Quaise Energy, an MIT spinout, is working to create geothermal wells made from the deepest holes in the world.
There’s an abandoned coal power plant in upstate New York that most people consider a worthless relic. MIT’s Paul Woskov, on the other hand, has a different perspective.
Woskov, a research engineer in MIT’s Plasma Science and Fusion Center, points out that the plant’s power turbine is still intact and the transmission lines still run to the grid. Using an approach he’s been developing for the last 14 years, he’s hoping it will be back online within the decade, completely carbon-free.
Indeed, Quaise Energy, the company commercializing Woskov’s research, believes if it can retrofit one power plant, the same process will work on nearly every coal and gas power plant in the world.
Tapping into the energy source deep below our feet is how Quaise is hoping to accomplish those lofty goals. The company ambitious plans call for vaporizing enough rock to create the world’s deepest holes and harvesting geothermal energy at a scale that could satisfy human energy consumption for millions of years. Although they haven’t yet solved all the related engineering challenges, Quaise’s founders have set an aggresive timeline to begin harvesting energy from a pilot well by 2026.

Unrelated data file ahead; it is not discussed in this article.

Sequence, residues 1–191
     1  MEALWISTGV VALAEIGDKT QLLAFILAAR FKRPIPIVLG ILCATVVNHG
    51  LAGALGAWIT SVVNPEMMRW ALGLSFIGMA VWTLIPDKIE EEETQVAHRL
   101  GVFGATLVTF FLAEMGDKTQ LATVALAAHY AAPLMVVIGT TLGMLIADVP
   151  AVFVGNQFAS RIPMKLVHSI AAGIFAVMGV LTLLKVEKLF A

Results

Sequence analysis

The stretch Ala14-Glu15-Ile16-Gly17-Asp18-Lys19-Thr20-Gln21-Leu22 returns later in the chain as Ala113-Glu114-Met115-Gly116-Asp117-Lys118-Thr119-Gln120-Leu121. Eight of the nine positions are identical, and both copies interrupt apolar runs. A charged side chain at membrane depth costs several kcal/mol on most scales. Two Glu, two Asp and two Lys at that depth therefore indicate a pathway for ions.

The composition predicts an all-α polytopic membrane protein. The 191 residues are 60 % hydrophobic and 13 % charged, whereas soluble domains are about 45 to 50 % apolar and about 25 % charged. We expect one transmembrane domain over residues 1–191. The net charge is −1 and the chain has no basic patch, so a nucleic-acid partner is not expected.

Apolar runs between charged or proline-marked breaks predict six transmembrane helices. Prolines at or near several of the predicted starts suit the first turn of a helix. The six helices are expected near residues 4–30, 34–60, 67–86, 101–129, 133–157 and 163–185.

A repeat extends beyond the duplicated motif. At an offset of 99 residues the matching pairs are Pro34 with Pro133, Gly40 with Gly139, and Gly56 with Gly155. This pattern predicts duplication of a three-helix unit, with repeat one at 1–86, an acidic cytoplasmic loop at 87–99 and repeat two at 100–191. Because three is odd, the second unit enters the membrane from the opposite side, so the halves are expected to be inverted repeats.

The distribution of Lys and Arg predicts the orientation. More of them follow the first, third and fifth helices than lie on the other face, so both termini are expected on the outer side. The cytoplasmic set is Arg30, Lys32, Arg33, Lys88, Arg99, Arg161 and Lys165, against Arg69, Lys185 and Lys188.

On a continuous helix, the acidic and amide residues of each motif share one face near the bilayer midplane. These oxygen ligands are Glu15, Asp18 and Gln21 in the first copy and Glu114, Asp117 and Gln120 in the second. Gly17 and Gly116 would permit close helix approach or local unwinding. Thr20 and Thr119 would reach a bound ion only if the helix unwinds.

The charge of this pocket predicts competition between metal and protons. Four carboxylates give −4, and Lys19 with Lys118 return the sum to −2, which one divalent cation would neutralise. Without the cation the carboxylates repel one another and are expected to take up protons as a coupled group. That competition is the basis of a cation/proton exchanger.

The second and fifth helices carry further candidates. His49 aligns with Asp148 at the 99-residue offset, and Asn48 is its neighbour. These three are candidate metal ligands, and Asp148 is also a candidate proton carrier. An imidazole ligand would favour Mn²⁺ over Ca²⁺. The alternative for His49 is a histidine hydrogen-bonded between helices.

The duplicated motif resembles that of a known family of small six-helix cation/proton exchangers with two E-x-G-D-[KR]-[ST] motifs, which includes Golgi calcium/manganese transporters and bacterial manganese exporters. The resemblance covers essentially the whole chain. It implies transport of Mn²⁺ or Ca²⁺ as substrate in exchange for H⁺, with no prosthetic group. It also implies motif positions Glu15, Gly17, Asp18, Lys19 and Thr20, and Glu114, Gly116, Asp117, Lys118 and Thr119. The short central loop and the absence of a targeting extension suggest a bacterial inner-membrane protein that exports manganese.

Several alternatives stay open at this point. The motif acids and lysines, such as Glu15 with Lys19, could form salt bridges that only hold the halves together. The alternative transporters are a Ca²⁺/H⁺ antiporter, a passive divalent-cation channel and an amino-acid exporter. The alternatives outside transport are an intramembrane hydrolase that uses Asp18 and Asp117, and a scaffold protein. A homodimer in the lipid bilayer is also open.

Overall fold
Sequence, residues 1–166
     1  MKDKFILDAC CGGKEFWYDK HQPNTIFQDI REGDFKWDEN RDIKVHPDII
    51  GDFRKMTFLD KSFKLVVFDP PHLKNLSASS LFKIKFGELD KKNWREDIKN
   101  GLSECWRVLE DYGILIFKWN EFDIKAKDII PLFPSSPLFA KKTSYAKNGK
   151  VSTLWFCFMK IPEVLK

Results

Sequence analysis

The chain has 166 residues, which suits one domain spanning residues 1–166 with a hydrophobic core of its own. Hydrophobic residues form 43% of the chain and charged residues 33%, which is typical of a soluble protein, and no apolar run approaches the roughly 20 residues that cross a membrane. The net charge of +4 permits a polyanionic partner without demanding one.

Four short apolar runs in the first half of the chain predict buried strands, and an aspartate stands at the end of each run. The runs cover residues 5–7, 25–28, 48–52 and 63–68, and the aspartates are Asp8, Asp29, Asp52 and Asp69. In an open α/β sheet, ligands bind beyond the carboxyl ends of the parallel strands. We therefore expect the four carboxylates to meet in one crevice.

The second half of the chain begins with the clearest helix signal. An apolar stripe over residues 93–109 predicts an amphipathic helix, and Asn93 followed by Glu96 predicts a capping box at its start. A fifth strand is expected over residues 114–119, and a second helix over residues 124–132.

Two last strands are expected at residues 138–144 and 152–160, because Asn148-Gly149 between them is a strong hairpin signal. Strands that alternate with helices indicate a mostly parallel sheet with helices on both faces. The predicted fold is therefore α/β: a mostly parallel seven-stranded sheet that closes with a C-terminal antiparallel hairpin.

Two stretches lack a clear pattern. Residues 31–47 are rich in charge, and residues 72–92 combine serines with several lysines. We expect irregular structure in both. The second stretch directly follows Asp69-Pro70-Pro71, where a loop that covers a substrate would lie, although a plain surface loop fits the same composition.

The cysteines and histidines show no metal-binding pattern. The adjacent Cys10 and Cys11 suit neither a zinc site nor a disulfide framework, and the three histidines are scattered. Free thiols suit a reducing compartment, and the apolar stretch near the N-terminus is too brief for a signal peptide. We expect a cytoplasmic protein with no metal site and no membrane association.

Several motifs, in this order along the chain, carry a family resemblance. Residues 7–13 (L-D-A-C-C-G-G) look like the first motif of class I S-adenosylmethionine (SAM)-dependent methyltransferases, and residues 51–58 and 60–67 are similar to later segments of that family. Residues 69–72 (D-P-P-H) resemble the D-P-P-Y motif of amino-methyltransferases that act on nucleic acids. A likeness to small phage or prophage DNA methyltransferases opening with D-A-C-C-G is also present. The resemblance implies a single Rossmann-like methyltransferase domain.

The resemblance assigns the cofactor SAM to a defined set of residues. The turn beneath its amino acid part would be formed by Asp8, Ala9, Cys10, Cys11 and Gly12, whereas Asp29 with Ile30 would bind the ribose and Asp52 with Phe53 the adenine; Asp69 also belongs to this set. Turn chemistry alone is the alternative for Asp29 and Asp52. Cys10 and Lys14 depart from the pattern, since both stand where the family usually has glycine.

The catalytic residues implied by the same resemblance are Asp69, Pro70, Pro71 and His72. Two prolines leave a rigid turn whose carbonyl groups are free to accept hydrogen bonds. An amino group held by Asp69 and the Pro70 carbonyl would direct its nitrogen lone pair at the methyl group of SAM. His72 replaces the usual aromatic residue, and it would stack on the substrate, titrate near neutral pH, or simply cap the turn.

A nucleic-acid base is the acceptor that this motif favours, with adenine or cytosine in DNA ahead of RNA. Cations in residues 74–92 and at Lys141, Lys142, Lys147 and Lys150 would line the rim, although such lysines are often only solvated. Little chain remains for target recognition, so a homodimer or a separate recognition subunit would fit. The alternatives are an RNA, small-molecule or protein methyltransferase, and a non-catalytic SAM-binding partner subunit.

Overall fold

If the plan were based on new and unproven technology, it would be easier to dismiss as unrealistic. However, Quaise’s drilling systems center around a microwave-emitting device called a gyrotron that has been used in research and manufacturing for decades.
“This will happen quickly once we solve the immediate engineering problems of transmitting a clean beam and having it operate at a high energy density without breakdown,” explains Woskov, who is not formally affiliated with Quaise but serves as an advisor. “It’ll go fast because the underlying technology, gyrotrons, are commercially available. You could place an order with a company and have a system delivered right now — granted, these beam sources have never been used 24/7, but they are engineered to be operational for long time periods. In five or six years, I think we’ll have a plant running if we solve these engineering problems. I’m very optimistic.”
Woskov and many other researchers have been using gyrotrons to heat material in nuclear fusion experiments for decades. It wasn’t until 2008, however, after the MIT Energy Initiative (MITEI) published a request for proposals on new geothermal drilling technologies, that Woskov thought of using gyrotrons for a new application.